Prosecutors are people, too, but when the concept of not-in-my-back-yard is taken to the extreme these elected officials can overstep their bounds.
Grand Rapids is in Kent County, Michigan, and the city residents voted in 2012 to decriminalize marijuana possession and use. Although city officials were not in favor of allowing the petition drive, once the people had spoken the city responded.
Grand Rapids adopted the policy of citing citizens who carry up to two and one-half ounces with a civil infraction ticket. That amount mirrors the Michigan Medical Marihuana Act's possession limit for patients. Citypolice were instructed to follow the charter amendment and issue tickets for pot possession instead of making misdemeanor arrests. The policy began on May 1, 2013, and enjoyed a smooth transition into standard operating procedure.
During the new law's first 83 days, a total of 244 tickets were issued for possession or use. During the same period in 2012, before the new policy, 259 people were arrested and charged for misdemeanor marijuana possession. The city's court system reported a reduction of four case PER DAY as a result of the new policy.
It's a system that works for all parties concerned, and one that was modeled after the example set by Ann Arbor. Voters there modified the city charter in the 1970-s to decriminalize marijuana, and that law is still in place and keeping the city safe to this day.
Enter Kent County Prosecutor Bill Forsyth.
Forsyth and Kent County has sued Grand Rapids to halt the decriminalization policy, claiming that the city can't vary from state law regarding marijuana. The case was defeated in a lower court but was appealed;arguments were heard in the Court of Appeals in November. A decision is expected in the first half of 2015.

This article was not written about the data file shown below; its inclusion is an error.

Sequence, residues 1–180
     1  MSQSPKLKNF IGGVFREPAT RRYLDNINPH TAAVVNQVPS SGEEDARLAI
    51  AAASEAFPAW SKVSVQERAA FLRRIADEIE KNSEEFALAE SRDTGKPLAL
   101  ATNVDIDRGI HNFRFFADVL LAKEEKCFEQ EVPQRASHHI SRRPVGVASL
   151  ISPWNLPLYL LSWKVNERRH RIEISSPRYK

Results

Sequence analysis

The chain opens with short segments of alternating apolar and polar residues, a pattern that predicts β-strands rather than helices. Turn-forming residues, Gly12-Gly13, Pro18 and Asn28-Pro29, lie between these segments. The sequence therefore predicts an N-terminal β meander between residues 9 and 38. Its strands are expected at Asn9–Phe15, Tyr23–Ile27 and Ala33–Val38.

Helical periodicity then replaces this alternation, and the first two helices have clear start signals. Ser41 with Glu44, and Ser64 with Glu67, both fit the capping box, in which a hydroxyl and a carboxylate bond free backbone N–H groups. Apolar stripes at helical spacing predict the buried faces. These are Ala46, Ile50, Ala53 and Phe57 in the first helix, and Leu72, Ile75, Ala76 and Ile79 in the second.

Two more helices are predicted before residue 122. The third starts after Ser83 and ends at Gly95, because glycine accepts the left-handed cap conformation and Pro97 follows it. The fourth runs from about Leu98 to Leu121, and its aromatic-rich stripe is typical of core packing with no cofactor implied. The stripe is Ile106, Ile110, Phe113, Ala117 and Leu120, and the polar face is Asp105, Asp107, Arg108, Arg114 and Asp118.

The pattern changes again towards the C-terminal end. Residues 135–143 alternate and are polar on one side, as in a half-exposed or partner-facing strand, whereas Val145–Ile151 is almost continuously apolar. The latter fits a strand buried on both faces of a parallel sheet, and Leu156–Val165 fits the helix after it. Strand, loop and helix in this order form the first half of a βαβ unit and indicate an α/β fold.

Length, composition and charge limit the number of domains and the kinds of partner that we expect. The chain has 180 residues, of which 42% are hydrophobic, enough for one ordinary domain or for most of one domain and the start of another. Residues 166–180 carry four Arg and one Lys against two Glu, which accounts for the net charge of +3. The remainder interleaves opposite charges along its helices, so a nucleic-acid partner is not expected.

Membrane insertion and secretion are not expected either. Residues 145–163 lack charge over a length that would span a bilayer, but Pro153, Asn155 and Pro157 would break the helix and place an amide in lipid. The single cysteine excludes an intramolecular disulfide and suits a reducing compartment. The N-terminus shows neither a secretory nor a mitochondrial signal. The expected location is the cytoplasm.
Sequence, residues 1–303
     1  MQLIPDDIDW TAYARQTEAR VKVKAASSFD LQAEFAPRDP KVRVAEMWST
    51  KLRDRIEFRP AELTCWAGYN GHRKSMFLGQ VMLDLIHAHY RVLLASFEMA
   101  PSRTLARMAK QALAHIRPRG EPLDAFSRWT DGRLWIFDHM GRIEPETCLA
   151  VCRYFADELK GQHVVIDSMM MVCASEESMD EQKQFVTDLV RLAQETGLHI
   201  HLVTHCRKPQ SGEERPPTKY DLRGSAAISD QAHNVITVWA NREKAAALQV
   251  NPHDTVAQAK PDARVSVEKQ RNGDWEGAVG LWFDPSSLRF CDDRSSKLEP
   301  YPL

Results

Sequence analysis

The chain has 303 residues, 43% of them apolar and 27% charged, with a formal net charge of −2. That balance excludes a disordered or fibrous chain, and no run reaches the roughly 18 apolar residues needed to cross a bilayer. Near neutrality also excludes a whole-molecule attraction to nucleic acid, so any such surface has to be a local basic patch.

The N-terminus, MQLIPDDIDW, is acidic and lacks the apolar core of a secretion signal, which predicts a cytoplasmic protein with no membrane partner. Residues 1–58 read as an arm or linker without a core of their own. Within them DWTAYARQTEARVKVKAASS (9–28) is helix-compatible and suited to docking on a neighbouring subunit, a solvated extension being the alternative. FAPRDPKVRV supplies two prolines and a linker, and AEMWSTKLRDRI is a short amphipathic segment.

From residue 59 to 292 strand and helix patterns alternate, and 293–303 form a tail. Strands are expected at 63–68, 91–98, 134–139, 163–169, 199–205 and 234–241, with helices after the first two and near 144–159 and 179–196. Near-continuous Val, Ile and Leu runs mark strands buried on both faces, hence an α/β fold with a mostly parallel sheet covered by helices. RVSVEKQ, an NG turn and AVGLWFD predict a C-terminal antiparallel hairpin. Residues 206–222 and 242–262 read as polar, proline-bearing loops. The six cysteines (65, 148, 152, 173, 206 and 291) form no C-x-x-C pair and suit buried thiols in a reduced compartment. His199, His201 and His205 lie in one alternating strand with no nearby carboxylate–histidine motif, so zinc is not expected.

Grand Rapids is the second largest city in Michigan, behind only Detroit in population. As such it is a very urban island amid the conservative waters of greater Kent County and the majority of the state's Lake Michigan shoreline.
"I don't think this case is about voters' rights," Kent County Assistant Prosecutor Tim McMorrow told the MLive Media Group. Then he said: "The voters do not have a right to adopt anything they want... something doesn't become valid because the voters voted for it." The doublespeak is heavy here- the voters don't have the right to do something but it's not about voter's rights. Clear as mud.
Forsyth's intent is clear- stop cities under his jurisdiction from creating policies the County doesn't agree with. In reality, if Grand Rapids were violating the state constitution it would be the Attorney General suing to halt the policy. Ann Arbor's Washtenaw County has had more than a dozen prosecutors come and go during the era of their decriminalized marijuana policy and none of them felt it was their job to try and sink the city's policy- or perhaps they all realized that they had no standing or cause to do such a thing.
Ann Arbor isn't the only example Forsyth can rely upon for guidance in this case. 22 times within the last decade, ballot proposals liberalizing marijuana laws have been passed by voters in Michigan cities (see graphic above). Most of those ordinances were created despite the objections of the Governor and Attorney General; both offices openly admit they have no authority to interfere with elections law.
Apparently Prosecutor Forsyth thinks his authority exceeds that of the Governor. Both sides agree that the issue will not end with the Court of Appeals decision- it will be taken to the state Supreme Court. Since both the County and the City are litigants that derive their resources from tax revenue, the voters will be picking up the tab for Forsyth's Folly at both ends of the argument and at every step of the way.